Fitzgerald stepped into a hair salon inside a mobile home and chatted up owner Mary Ott and her customers, who appeared to be talking about little else but the Haynesville Shale.

"I was all ready to accept that first $250-an-acre deal," said Ott, who owned a little more than four acres that she wound up leasing for $53,000. "I had a stamp on it and everything. Fortunately, I am a procrastinator."

Talk turned to a neighborhood where residents were offered $7,500 an acre, compared with $12,500 down the road. Why, asked a woman having her hair curled, was there such a disparity?

"It's the difference between brick houses and trailers," Fitzgerald replied. "They're doing it based on socioeconomics."

Thomas Price Jr., a Chesapeake vice president, said the company is thrilled about the gas field's potential - he talked of a future in which Louisianans will fuel cars with clean-burning natural gas instead of gasoline.

But he said that anyone who believes the Haynesville Shale is a lock must be a rube. He recalled that a similar frenzy over a gas deposit in central Louisiana called the Austin Chalk ended in failure for Chesapeake, although landowners walked away richer.

"We were buying leases like crazy, and it turned out to be a disaster," he said. "And let me tell you, there wasn't one person who came back and said sorry fellas, here's your bonus money back."

For now, companies with stakes in the Haynesville Shale are riding high. Petrohawk Energy Corp. is a relatively small gas company - but its big holdings happen to be in northwestern Louisiana, a situation that allowed it to seize a share of the Haynesville splotch. Its stock has doubled in the last five months.

Moreno, who now works for a window company, and other landowners share information online on the best bonuses being paid out by energy companies, as well as which landmen are honest.

Moreno wants to do right for his boys, Lucas, 9, and Wyatt, 1. He would love to get enough money to coax his wife, Ginger, a respiratory therapist, into staying home with the kids. But he also wants assurances that his hunting ground won't be sullied by drilling because for a sportsman like him, some things are more precious than mailbox money.

"They're not going to leave me with a big mud hole when they're gone," Moreno said before stepping out for a night of 'coon hunting with an old pal. "I'm going to make sure I do this right."

Sunday, August 17, 2008

Upstate New York Has Natural Gas

Officials and residents in several counties just south of the Mohawk Valley have a new direction to look for an energy source and economic development: down.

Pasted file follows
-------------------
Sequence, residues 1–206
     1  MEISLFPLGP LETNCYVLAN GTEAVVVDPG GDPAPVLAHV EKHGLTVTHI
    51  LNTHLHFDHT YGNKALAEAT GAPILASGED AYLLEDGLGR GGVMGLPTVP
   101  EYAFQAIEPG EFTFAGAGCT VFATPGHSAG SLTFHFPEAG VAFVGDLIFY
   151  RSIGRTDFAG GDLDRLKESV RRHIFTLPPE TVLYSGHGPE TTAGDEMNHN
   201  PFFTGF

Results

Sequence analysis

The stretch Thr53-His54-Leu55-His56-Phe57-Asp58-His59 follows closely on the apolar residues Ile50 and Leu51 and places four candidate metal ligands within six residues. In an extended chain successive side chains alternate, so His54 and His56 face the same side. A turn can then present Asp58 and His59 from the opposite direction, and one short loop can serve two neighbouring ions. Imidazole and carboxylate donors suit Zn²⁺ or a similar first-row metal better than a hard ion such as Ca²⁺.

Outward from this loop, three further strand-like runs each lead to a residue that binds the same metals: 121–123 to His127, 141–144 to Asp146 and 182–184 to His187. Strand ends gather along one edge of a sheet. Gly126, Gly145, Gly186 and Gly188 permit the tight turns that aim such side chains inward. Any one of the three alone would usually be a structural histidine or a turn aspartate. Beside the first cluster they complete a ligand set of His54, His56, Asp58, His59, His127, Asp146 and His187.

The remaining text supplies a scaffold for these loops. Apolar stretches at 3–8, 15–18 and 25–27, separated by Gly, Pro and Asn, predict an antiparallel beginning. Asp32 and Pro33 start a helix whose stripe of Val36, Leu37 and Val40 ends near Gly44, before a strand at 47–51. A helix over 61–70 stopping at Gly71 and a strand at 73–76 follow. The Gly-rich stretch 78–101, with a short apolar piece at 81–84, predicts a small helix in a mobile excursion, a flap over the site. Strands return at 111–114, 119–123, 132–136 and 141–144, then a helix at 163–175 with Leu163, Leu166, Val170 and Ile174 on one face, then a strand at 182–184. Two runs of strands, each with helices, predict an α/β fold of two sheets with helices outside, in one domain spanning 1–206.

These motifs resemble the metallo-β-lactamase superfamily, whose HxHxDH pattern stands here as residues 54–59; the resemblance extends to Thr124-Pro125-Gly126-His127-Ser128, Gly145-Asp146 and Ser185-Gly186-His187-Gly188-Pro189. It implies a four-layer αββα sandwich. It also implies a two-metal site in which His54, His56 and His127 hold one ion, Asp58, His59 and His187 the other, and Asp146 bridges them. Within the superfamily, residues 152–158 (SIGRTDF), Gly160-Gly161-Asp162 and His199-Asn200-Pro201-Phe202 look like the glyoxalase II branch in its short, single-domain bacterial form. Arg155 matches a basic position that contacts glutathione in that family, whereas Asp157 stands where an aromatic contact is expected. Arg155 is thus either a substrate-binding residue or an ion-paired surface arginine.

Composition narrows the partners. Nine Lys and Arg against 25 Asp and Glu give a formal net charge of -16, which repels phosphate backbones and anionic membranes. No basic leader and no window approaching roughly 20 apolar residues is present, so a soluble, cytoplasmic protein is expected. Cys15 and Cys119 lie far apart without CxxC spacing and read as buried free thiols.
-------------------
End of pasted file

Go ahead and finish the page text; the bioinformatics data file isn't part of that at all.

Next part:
About one mile underground in a rock formation about 400 million years old sits what some geology experts estimate might be more than 500 trillion cubic feet of natural gas.

Approximately 10 percent of that is recoverable and would be enough to supply the entire United States for about two years, said Gary Lash, a geology professor at State University of New York Fredonia, who has been at the forefront of studying drilling in the state.

The wellhead value of that amount of natural gas, according to $1 trillion.

Drilling for natural gas has been occurring in western parts of the state for more than 100 years, but it’s moving east to counties such as Chenango, Otsego, Madison and others in the region.

Property owners are banding together to make sure they obtain the best deals available from the drilling industry and to protect their communities from environmental damage such as water contamination.

Richard Lasky, president of the Central New York Landowners Coalition, which owns 84,000 acres among its members in 10 counties, said people in the region hope their ways of life are protected during the development.

“Everybody wants it the same, but it will never be the same,” he said. “Whether we want it or not, it’s going to happen.”

With farms and businesses struggling in an unsure economy, the change might be necessary to keep Upstate New York afloat, Lasky said.

“This is our last chance,” he said.

The Marcellus Shale
Drilling in the region is in a semifreeze because Gov. David Paterson recently signed a bill requiring the state Department of Environmental Conservation to update its environmental regulations related to drilling.

The DEC rules last were updated in 1992 and don’t take into account all aspects of new technology that allows for horizontal drilling and hydraulic fracturing, which uses water, sand and chemicals to blast out natural gas that is trapped in the rock.

Companies can either wait for the DEC’s updated review sometime in 2009 or proceed with permits and pay for their own environmental review, the governor’s spokesman, Morgan Hook, said.

Paterson’s bill also allows for horizontal drilling and spacing that would allow for more wells in the Marcellus Shale, a giant rock formation a mile below the Earth’s surface that stretches from parts of Tennessee up to the southwest region of New York.

Late last week, U.S. Sen. Hillary Rodham Clinton, D-N.Y., expressed concerns about the environmental impact of expanded natural gas drilling in the Marcellus Shale.

Economic impact
If natural gas drilling goes forward in full force in the Marcellus Shale, more than $1 billion will be invested in Upstate New York, said Albany attorney Thomas West, who represents some companies in the industry on regulatory and legislative issues.

West said this would result in many benefits for Upstate New York:

Money for landowners: Property owners would receive an initial payment and royalties. West said he has seen offers of more than $2,500 per acre and royalties at a rate of up to 15 percent.

Increased tax base: A completed, productive well hooked to a pipeline would become taxable property at the local level if on private land.